Technology has revolutionized the way things get done. Now, an LA-based bioscience startup called Kernel wants to transform neuroscience into a service. Though its approach sounds like sci-fi, Kernel just raised $53 million as part of a Series C round.
The company aims to change the way researchers perform neuroscience studies by increasing access to its non-invasive monitoring technologies. Kernel plans to do so by scaling its “Neuroscience as a Service” (NaaS) model to give paying clients access to its platform—even if they are working remotely.
The ambitious startup announced the close of its latest funding round on Thursday in a company press release. It notes that the $53 million sum is its first outside funding. Previously, Kernel was financed with $54 million worth of investments from its founder and CEO Bryan Johnson.
Participants in the Series C round include General Catalyst, Khosla Ventures, Eldridge, Manta Ray Ventures, Tiny Blue Dot, and Johnson himself.
Kernel intends to use the new funding to further develop its technologies and scale its business. Earlier this year, the startup announced that its NaaS platform is available to commercial clients. Johnson calls it “Neuroscience at the touch of a button.”
As for whether or not transforming neuroscience into a more accessible venture is possible, Johnson has some strong feelings. He says, “Mainframes became PCs and then smartphones. The $1B genome became the $1,000 genome. The brain and mind are next.”
What Does Kernel Do?
The finer points of what Kernel does can be confusing for someone that isn’t involved in the neuroscience field. However, the overall concept is surprisingly simple.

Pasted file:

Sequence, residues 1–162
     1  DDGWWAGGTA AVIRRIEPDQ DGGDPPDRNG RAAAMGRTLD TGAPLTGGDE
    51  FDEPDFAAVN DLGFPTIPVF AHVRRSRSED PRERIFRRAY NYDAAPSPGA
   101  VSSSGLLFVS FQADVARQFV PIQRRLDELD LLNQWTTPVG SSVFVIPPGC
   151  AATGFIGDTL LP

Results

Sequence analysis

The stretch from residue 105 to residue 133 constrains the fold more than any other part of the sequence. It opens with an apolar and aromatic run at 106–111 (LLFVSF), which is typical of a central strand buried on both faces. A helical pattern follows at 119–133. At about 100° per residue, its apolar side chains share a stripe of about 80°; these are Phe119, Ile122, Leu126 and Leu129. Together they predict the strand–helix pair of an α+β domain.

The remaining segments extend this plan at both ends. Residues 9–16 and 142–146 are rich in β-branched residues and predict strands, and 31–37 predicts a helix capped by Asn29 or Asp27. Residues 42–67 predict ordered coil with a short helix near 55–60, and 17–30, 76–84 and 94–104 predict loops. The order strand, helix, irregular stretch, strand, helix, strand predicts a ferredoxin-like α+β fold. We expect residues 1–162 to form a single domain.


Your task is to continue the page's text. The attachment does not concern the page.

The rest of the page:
Kernel has created two brain recording technologies that give researchers a glimpse into the human mind. The first is called Flux. It measures the magnetic fields created by the collective activity of neurons in the brain. The second, Flow, measures blood flow through the brain. Each of these is a key signal that researchers monitor while studying the brain.
However, measuring them typically requires the use of expensive, potentially dangerous machinery. In some cases, brain surgery is even necessary to get accurate data.
Kernel wants to make neuroscience tech more accessible to researchers in an on-demand capacity. In a sense, the startup’s approach is similar to what human genome companies have done in the past few years. They took advantage of recent breakthroughs in the field to make genome sequencing available to just about anyone.
Johnson hopes that Kernel can do the same for the business and research communities. Ultimately, his goal is for the startup to help people develop a deeper understanding of the brain. “If we can quantify thoughts and emotions, conscious and subconscious, a new era of understanding, wellness, and human improvement will emerge,” he says.
While Kernel’s platform doesn’t make everyone a neuroscientist, it could help those with the right knowledge gain better access to the tools they need to conduct research. Increasing accessibility with its NaaS platform is Kernel’s way of helping science understand how the brain works.